Courtesy of Sebring International Raceway

Travel


Florida Travel: Drag Racing at the Sebring International Raceway

“Do you think my Subaru could take that Mustang?”

When my road-tripping friend and I arrive at the Sebring International Raceway—halfway to Orlando through the middle of the state—the track is on fire.

“It’ll just be a few more minutes until we get everything cleared off, folks,” a voice over the loudspeaker announces, and my friend and I look at each other, wide-eyed. It’s a Thursday, drag racing night at the track, and the first time we’ve ever been up close to car racing. The night is clear and cool, and a half-moon shines down as we squeeze into two empty spots on the bleachers where we have a direct view of the starting line.

A tow truck carts off a burned-out car, and the track is ready for the next two racers, a small black pickup with red headlights and a white Mustang with baby-blue racing stripes. The cars are from the 1980s and a little dinged-up, as if they’ve seen their share of races.

My friend leans over to me. “Do you think my Subaru could take that Mustang?”

“Not a chance,” I say.

“How about the pickup?”

“Maybe.”

Both racers spin their tires at the start line, and the smell of burning rubber reaches us in the stands. A nervous shot of adrenaline pumps through my veins, and the spectators around us go silent as we all lean forward, waiting for the signal light to go green. When it does, the two cars shoot forward. The Mustang leaps ahead, leaving the little pickup in the smoke from its tires, and we jump to our feet, cheering. Then my friend and I look at each other sheepishly. We’re not fans of racing, and I’ve never seen NASCAR in my life, but there’s something exciting about being at the track, an irresistible electric feel that has us both jonesing for the next race.

It doesn’t take long. The next pair lines up, two late-’60s model muscle cars, one a cherry-red Camaro and the other a sapphire-blue Mustang. Both cars are pristine, and their glossy paint jobs glimmer in the bright lights of the track.

My friend looks at me, eyebrows raised questioningly.

“No,” I say. “Your Subaru could definitely not take these.”

The muscle cars rumble and growl at the start line, and this time we’re already on our feet when the light turns green and they roar out of the gate. The Mustang’s back tires catch the pavement, and the front wheels raise into the air so that it pops a wheelie as it shoots forward. When it comes down, it jerks hard to the left and smashes into the side of the Camaro, sending the cherry-red car with its beautiful paint job crashing into the cement wall of the track. A collective moan goes up from the crowd, my friend and me included. The Mustang keeps going, now missing its driver’s side door, but the Camaro is done. Its driver climbs out, shouts angrily after the Mustang and bangs his hand down on the hood. The onlookers titter with delight.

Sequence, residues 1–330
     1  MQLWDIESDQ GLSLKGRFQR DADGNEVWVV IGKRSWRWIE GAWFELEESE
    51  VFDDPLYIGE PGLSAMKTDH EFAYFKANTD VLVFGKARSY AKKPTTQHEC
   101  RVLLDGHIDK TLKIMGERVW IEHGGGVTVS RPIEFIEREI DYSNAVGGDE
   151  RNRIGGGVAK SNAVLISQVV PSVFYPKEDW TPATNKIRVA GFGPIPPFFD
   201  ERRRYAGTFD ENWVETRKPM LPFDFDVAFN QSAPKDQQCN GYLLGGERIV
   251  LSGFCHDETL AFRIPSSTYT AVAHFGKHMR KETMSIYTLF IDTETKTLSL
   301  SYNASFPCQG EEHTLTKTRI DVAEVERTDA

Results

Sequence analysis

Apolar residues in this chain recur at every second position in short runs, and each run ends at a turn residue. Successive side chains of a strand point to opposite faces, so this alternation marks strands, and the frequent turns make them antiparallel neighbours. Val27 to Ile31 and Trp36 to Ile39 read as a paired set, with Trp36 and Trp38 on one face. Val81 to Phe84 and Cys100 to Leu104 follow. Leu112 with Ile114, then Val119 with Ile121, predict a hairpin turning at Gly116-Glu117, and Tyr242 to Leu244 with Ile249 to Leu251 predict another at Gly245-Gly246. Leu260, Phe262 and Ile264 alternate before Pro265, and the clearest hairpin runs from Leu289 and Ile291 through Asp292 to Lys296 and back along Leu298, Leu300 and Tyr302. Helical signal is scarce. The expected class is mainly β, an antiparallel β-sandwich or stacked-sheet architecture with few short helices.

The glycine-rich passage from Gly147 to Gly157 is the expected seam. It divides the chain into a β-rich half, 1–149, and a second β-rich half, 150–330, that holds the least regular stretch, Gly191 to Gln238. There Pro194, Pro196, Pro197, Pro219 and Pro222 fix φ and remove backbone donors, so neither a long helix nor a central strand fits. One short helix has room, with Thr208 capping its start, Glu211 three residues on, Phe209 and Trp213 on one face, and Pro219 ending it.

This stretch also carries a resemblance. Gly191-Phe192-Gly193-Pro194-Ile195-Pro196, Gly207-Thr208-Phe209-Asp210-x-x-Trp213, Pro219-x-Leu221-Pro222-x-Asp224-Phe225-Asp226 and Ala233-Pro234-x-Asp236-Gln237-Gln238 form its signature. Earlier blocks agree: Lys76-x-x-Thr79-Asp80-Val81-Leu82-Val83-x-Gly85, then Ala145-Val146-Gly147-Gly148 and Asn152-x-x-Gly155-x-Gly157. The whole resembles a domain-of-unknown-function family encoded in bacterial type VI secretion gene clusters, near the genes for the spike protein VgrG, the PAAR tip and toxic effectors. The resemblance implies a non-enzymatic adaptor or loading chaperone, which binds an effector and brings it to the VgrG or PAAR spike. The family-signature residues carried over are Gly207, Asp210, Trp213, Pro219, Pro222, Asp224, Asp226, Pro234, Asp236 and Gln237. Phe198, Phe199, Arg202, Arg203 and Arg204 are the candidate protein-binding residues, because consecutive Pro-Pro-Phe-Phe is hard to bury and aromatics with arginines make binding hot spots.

When it’s done, my friend and I stretch our legs and buy a bag of boiled peanuts while they set up for the next event, a jet dragster exhibition. We stand there eating the hot, salty nuts while the dragster revs up. Bright flames shoot from the back of the car, and the crowd presses close to the fence to get a better look.

“If you’ve got young children, you’ll want to cover their ears now,” the announcer says over the speakers.

Parents press their hands over the ears of their children, and my friend and I clap our palms over our own. The dragster holds steady as the light goes through its sequence. When it hits green, the dragster surges forward like a jet taking off and the engine booms. The sound blasts through my body and leaves me shaking. The dragster is gone before I can blink. My friend looks at me, open-mouthed, and it’s a second before I realize my mouth is open, too.

“That was…” I search for the right word.

“Awesome,” my friend says.

If You Go …

  • The Sebring International Raceway is open year-round, and Thursday nights are dedicated to drag racing. Entrance to the drag races is $5 for spectators and $20 for drivers. Gates open at 5 p.m., with races running 6-10 p.m. 113 Midway Drive, Sebring; (863) 655-1442; sebringraceway.com
  • The Track Shack sells snacks and sandwiches, and there’s a beer stand right beside it. But for a real treat, buy a bag of hot salted boiled peanuts. They make for the perfect snack while you’re waiting for the next cars to take the line.